CHAPTER ONE is not here. The beginning is missing. We should be able to recall it by heart, but it is not at hand. Yes, we’ve left a message. No, there are no words, not in chapter one. It is pre-words. It makes sounds—but what kind? Perhaps it sighs. Into thin air that chunk of time disappeared, leaving a vestigial scar on the verso of each eyelid, etched there as our ancestors watched an ancient glacier defrost in the sea. In the ocean-sized chasms between our atoms float the fossils of chapter one.
for the time being…
…planets mate and divide; the Elements lock fingers; Nature’s populace seeds itself, sees itself, confronts itself, hunts itself, skins its sisters and sells the peelings at the Mall of Memory. A technique is developed to extract mirrors from surface water, thus instigating the vanity trade and its wars, which outcome divides mammals along two lines: those of Hair and those of Fur.
Very, very, much, much later, the Life Span of All Beings conjoins into a solid single line. One can drag a finger along its zodiacal sign—called The Gut—of stacked bodies alternating: host and parasite, host and parasite. In this panarchy, nature and culture answer one another.
This next bit may upset you (I cannot protect you forever): Yesterday’s Beings have all died. The emptiness is visible in hindsight, but only in the furthest rearview mirror. In looking back, you’ll be gone too. (But rats stay on for a long, long time, all the way past the future-past, gnawing through the coils of evolution to become our genetic grandmothers, may you love them or not.) This is not the end. (There is no end.)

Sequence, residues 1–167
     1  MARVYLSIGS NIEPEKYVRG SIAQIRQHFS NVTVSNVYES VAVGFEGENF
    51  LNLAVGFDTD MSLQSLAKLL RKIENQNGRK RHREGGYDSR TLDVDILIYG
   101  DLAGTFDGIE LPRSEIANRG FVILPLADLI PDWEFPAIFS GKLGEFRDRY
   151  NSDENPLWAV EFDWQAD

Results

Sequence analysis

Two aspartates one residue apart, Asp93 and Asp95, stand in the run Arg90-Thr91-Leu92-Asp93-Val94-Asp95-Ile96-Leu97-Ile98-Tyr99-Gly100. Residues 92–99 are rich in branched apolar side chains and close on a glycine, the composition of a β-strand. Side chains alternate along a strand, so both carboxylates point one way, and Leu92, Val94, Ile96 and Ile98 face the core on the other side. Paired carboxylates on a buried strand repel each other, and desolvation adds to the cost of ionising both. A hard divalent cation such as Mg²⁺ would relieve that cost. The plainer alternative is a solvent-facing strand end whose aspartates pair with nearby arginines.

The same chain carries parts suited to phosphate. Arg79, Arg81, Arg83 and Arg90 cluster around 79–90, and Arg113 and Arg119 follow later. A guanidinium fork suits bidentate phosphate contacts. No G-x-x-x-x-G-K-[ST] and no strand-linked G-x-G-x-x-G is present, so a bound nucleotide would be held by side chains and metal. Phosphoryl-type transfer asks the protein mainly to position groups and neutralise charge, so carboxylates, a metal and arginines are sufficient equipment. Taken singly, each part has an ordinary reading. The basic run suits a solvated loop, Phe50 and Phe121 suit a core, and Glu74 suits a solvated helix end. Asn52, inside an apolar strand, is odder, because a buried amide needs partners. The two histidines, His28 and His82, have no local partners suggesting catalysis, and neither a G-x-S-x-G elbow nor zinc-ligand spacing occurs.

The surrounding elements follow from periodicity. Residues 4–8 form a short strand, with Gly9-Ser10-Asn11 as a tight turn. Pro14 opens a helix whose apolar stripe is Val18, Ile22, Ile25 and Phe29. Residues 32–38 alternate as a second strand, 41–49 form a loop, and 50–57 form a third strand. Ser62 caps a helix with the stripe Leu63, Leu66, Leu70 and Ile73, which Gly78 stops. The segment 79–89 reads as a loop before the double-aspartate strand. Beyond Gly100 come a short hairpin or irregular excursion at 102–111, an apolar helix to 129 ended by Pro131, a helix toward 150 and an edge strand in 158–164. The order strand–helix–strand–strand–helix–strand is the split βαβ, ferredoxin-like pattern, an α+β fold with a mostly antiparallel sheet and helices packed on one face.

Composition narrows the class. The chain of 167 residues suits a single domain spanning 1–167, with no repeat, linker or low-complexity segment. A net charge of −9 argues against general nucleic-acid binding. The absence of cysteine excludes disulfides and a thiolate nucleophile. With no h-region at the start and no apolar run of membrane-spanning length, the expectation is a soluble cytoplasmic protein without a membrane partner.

We inhabit the Museum of Nature—a ‘Dead Zoo,’ one might call it—refrigerated and safe and untroubled, our best attempt at a peaceable kingdom. We ponder many wonders like the ant colony’s opera on opening night—oh, it must have sounded just right. Press button to hear the coyote’s anthem, the frog’s requiem, the mushroom’s dirge, the rain’s breakbeat, the nightbird’s cabaret. Every now and then, around midnight, we throw a light onto the mirrored eyes of the taxidermied Antarctic wolf, and into its rotten mouth, until the silence paralyzes us, and then we know we are alive.
A Field Guide to Nature’s Abstractions
Flags and Pennants signal that you are not alone. Strung together and flown, flags and pennants mark the wind-chased footprints of prior journeyers. A flag’s locus will prefigure, by millennia, the exact site of an archaeological dig. See also: Pottery/Vintage Porcelain, Rainbows, and Tchotchkes.
Magic Tools require sun- or moonlight to function. See also: Bioenergetics.
Accidental flora, or “Weeds,” may appear ordinary and forgettable, yet their opportunistic imperialism suggests a radical arrival, by foreign bird or boat. Here (through Nov 1, 2012), the tough urban “weed” is transplanted and tested. The environmental trauma of an art exhibition causes the leaves to thrive / surrender (circle one).
A capsule or envelope, such as Tent, Coffin, Bell Jar, and Belly, safeguards a body’s passage through transformational states, usually in solitude. Contrast to: Mask, Feathers, and Ornament as means of subterfuge to perforate habitats and transgress taboos. See also: Twins, and Virus.
Twin (singular) is the secret pocket of the Self, for stashing shame, disremembered dreams, and skin from prior metamorphoses.